The May § 7520 rate for use with estate planning techniques such as CRTs, CLTs, QPRTs and GRATs is 3.2%, no change from the April rate of 3.2%. The May applicable federal rate (AFR) for use with a sale to a defective grantor trust, self-canceling installment note (SCIN) or intra-family loan with a note having a duration of 3-9 years (the mid-term rate, compounded semiannually) is 2.67%, down from 2.70% in April.
The still relatively low § 7520 rate and AFR continue to present potentially rewarding opportunities to fund GRATs in May with depressed assets that are expected to perform better in the coming years.
The AFRs (based on semiannual compounding) used in connection with intra-family loans are 2.17% for loans with a term of 3 years or less, 2.67% for loans with a term between 3 and 9 years, and 2.92% for loans with a term of longer than 9 years.
Thus, for example, if a 9-year loan is made to a child, and the child can invest the funds and obtain a return in excess of 2.67%, the child will be able to keep any returns over 2.67%. These same rates are used in connection with sales to defective grantor trusts.
Alaskan Supreme Court Rules Alaska Cannot Grant Itself Exclusive Jurisdiction over Fraudulent Transfer Actions against an Alaskan DAPT. Toni 1 Trust v. Wacker, 2018 WL 1125033.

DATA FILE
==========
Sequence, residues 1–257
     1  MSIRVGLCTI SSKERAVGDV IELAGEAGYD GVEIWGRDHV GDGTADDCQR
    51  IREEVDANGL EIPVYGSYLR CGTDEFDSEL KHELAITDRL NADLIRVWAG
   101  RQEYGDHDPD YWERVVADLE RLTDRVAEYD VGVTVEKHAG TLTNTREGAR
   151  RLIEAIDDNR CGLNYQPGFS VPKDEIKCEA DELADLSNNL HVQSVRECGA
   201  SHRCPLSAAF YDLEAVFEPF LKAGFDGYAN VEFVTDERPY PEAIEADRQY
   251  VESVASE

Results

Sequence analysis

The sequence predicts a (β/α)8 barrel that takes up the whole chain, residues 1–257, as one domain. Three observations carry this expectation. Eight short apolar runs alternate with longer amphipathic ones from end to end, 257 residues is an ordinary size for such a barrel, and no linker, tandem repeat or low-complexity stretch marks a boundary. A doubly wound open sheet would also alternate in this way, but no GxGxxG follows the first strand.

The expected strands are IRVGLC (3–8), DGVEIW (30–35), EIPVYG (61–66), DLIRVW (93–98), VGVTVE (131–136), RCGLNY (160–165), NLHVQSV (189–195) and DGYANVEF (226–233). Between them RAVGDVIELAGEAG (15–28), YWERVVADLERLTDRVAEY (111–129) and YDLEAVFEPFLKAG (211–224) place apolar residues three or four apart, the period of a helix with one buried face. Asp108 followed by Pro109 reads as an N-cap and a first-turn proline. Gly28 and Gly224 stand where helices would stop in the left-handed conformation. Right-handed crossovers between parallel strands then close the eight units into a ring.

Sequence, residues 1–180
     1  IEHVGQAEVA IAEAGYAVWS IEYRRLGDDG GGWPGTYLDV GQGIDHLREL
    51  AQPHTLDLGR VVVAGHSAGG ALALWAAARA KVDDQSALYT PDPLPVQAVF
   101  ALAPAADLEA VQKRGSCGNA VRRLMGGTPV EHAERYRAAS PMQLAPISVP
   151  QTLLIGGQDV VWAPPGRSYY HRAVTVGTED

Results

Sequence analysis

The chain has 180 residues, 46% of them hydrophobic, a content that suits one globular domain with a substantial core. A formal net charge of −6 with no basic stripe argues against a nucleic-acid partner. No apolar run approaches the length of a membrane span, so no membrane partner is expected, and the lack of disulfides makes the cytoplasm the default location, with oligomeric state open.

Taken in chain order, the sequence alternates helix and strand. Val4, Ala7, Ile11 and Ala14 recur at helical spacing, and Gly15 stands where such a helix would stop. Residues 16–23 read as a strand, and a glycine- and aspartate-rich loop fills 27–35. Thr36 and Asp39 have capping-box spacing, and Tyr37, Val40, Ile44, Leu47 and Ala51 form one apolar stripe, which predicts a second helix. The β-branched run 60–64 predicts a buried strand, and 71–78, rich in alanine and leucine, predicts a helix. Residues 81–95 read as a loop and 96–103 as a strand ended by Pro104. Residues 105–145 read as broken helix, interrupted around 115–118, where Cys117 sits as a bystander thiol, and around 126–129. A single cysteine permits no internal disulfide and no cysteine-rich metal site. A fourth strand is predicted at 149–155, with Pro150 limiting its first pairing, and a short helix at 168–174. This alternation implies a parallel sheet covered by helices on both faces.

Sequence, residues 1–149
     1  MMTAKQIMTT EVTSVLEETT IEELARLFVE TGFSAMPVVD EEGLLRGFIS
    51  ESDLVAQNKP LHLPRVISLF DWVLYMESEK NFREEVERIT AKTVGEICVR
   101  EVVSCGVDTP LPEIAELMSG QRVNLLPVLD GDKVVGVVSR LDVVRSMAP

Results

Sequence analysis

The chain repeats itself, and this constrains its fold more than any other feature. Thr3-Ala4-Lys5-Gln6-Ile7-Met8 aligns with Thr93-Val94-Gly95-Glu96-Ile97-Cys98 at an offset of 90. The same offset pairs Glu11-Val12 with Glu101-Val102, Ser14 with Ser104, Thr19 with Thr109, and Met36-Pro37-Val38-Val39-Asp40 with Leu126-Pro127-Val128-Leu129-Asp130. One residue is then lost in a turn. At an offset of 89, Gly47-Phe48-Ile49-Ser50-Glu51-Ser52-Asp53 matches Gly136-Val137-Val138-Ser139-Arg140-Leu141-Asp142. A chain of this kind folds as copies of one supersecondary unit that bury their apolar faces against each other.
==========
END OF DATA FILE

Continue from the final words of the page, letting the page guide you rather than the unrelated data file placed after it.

An Alaska statute purported to grant the State of Alaska exclusive jurisdiction over fraudulent transfer actions against an Alaska trust. The Alaska Supreme Court ruled in Toni 1 Trust v. Wacker that such provision is invalid and that the Alaskan legislature cannot "... prevent other state and federal courts from exercising subject matter jurisdiction over fraudulent transfer actions against such trusts."
A Montana court had issued a series of judgments against Tangwall and his family. After these judgments were issued, Tangwall transferred two pieces of property to an Alaskan Domestic Asset Protection Trust (DAPT). Both a Montana State Court and an Alaskan Bankruptcy Court found that the transfers to the DAPT were made to avoid a judgment and were thus fraudulent. Tangwall argued that AS 34.40.110(k) gave the Alaskan State Court exclusive jurisdiction over the determination of whether the transfers were fraudulent.
The Supreme Court of Alaska ruled that Alaska could not require that Alaskan State Courts have exclusive jurisdiction of fraudulent transfer actions against a DAPT created in Alaska. This case did not address the validity of Alaskan DAPTs; rather it was a question of Alaskan court jurisdiction. It did not invalidate self-settled trusts created in Alaska.
When Faced with Sparse Documentary Evidence, the Tax Court May Apply the Cohan Rule to Estimate Taxpayer's Basis in an IRA. Shank v. Commissioner, T.C. Memo. 2018-33.
Taxpayer withdrew $27,000 from his IRA and did not report any of it on his tax return. He testified at trial that he opened the account in the 1990s when he was a high earner and could not deduct the contributions. The court understood that the taxpayer lacked records from the 1990s to establish his basis. Based on his credible testimony, the Tax Court applied the Cohan Rule to estimate the taxpayer's basis.